EM surprises no one: To take pensions, water, unsecured debt
By T. Kelly
The Michigan Citizen
DETROIT — In a closed meeting held June 14 outside the city at the Wayne County International Airport Westin Hotel, Emergency Manager Kevyn Orr revealed one part of his restructuring plan to bankers, financiers, the union representatives and the press.
It was every grim prediction residents have prophesized since Gov. Rick Snyder imposed Public Act 436 on Detroit in March.
“We’re going to do this once. Put the city on firm footing and go forward,” Orr said in releasing the plan. City taxpayers pay the highest millage rate in the state and only get back 40 cents on a dollar in city services, according to Orr.
Orr will regionalize the Detroit Water and Sewer Department, taking the assets and leaving the “legacy” costs with the city — the pension and debt obligations. In return, the city will receive an annual check from the new Regional Water Authority to bolster the general fund. Discussions are already underway.
The full pension plan was still under development, Orr said, noting he hoped to have final figures ready for a June 20 presentation to the unions.
Overall, the city expects to pay less than 10 cents on the dollar due for unsecured creditors, he said. Secured creditors are already taking hefty chunks from the city’s operating funds, he revealed. A lien on the casino income is draining $120 million a year from the general fund.
Orr stopped payment immediately on $23 million of unsecured debt.
Retiree health care will rely on Medicare, Obamacare and “some supplemental over that.” Retiree health care costs are currently $27 to $40 million a year, he said.
“Retirees will probably not enjoy the same benefits,” Orr said. Not only has the city not funded its pension obligations, but it has borrowed from the pension funds.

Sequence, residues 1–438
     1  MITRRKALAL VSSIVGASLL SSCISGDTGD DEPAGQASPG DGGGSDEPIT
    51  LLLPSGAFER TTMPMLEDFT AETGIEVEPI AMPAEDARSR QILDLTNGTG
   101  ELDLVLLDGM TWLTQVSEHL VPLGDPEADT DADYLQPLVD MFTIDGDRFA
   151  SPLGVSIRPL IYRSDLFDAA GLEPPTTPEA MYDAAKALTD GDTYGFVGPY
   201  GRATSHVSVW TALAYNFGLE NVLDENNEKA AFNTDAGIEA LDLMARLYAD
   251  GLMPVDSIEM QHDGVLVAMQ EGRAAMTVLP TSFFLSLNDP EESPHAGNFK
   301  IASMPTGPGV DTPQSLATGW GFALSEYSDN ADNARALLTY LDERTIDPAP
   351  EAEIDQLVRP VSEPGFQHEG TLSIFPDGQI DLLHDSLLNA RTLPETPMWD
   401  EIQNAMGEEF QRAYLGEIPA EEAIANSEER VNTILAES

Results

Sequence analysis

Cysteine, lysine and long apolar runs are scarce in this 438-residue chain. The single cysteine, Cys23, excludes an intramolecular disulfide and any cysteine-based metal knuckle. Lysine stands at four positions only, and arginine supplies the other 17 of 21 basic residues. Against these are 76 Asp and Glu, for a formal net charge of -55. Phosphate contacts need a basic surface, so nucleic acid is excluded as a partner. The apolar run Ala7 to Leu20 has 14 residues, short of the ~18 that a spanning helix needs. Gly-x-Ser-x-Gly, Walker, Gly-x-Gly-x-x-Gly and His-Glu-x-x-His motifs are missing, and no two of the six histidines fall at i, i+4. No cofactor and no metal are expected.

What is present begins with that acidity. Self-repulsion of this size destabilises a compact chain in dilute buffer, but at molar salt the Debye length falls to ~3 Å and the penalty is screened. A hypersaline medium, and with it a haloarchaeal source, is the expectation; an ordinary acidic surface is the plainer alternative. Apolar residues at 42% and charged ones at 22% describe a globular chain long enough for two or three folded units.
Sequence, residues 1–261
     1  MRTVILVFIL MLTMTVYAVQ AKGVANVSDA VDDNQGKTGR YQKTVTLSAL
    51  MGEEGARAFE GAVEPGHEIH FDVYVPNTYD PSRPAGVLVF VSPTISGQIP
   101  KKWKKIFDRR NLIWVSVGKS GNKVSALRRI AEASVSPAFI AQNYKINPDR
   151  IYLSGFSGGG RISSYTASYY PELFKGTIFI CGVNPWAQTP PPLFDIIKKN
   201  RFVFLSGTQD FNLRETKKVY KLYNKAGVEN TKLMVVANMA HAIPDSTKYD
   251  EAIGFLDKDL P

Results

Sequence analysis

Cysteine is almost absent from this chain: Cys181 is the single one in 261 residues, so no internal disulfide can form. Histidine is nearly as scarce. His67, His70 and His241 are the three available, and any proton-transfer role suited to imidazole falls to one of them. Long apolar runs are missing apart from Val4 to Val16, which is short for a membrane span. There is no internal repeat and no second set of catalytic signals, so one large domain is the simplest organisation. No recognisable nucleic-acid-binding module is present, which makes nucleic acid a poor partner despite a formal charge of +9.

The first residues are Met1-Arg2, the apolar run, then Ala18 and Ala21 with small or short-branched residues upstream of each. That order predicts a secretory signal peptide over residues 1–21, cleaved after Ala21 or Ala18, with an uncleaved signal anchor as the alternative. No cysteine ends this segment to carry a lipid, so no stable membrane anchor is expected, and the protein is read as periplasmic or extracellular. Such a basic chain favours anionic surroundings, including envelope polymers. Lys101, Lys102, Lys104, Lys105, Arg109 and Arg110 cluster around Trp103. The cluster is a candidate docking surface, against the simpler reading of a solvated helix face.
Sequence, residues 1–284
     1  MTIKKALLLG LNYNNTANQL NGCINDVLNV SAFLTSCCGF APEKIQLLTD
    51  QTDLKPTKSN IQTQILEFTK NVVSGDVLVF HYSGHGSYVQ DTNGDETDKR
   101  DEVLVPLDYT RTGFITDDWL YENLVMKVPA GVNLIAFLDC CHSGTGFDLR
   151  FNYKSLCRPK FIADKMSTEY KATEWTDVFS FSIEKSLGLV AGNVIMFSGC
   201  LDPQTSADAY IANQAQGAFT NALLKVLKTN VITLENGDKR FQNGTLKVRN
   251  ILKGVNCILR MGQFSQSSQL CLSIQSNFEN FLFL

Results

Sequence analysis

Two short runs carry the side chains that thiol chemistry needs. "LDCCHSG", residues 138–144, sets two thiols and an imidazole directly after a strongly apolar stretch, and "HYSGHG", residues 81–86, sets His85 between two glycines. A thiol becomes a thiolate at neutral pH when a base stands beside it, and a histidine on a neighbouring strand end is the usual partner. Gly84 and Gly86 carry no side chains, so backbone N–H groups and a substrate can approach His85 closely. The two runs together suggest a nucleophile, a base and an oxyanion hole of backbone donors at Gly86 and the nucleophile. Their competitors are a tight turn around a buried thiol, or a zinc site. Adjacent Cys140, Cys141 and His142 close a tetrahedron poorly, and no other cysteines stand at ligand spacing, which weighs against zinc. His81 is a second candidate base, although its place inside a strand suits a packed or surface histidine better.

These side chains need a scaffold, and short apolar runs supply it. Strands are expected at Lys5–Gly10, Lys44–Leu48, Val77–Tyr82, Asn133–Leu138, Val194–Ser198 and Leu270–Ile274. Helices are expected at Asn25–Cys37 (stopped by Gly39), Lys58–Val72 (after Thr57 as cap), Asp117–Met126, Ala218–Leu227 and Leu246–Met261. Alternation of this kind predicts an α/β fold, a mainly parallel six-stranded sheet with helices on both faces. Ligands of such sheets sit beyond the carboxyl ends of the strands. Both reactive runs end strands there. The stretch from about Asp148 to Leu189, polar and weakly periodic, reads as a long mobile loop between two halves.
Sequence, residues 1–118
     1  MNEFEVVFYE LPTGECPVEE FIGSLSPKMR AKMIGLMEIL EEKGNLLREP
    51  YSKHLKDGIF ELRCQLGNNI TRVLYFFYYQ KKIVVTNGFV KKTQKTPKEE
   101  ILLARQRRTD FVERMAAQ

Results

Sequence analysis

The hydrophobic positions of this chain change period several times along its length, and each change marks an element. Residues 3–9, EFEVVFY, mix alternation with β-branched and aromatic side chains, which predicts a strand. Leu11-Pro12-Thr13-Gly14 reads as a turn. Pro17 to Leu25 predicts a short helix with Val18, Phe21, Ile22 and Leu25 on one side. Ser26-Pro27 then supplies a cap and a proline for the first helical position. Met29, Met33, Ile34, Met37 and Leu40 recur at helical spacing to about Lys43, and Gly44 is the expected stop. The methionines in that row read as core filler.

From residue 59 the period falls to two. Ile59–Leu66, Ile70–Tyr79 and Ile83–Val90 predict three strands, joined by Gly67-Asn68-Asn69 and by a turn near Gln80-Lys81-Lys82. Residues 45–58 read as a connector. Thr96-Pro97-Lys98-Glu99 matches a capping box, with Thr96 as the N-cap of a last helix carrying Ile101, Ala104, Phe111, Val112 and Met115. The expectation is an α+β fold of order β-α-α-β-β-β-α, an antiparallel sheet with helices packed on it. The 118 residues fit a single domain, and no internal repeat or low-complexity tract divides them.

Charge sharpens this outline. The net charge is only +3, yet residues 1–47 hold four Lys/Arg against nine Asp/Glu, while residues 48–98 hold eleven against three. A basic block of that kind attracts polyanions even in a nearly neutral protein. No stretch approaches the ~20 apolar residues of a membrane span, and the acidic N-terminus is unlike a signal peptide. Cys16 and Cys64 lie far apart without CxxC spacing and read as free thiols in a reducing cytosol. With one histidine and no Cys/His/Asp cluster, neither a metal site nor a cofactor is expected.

When reminded that the state constitution protects pensions, Orr said neither he nor anyone at the state believes the constitutional clause provides that guarantee, but if it proves to be true, he said, the governor would seek legislative relieve.
Orr’s selling point is there will be money to serve the citizens of the city. He plans reinvestment of $750 million for upgrading and restoring services in Detroit over the next 10 years: removing blight, investing in public safety including lighting, upgrading IT, bringing city administration into the 21st century, and improving emergency, fire and police service. These funds will come from the city’s general fund without state aid.
Orr said the state is adding $5.5 million for blight removal, but that money is Detroit’s share of a $21 million Troubled Asset Relief Program (TARP) fund grant from the Obama administration to the state of Michigan.
When questioned whether there is a moral distinction between paying health benefits for retirees or bond companies, Orr replied that “it is a substantive rather than moral issue and … under the law, a claim is a claim.”
The city has to find a way to bring reinvestment to the city, and under the law, all creditors in a class are treated equally, Orr said, unsecured or secured.
In response to a question about whether he would investigate crimes by creditor banks, Orr responded that he wants to refinance the city’s secured debt by giving creditors a note at 1.5 percent interest.
Joining Orr for the presentation were K. Buckfire, an investment banker from Miller Buckfire, and
Bruce Bennett of Jones Day, the multinational law firm that represents many of the banks that hold the city’s secured debt. Bennett is the lead attorney on restructuring. Jones Day is Orr’s previous employer.
The plan was developed without public input. Detroit City Council and the mayor receive their pay from the emergency manager but have no power, no voice.
Citizens have no recourse as Orr’s mandated public meeting demonstrated. He held it June 10 in the 260-seat Wayne State Law School auditorium, leaving over 100 persons outside clamoring to gain entrance. No part of the plan was revealed at that session for public comment or input.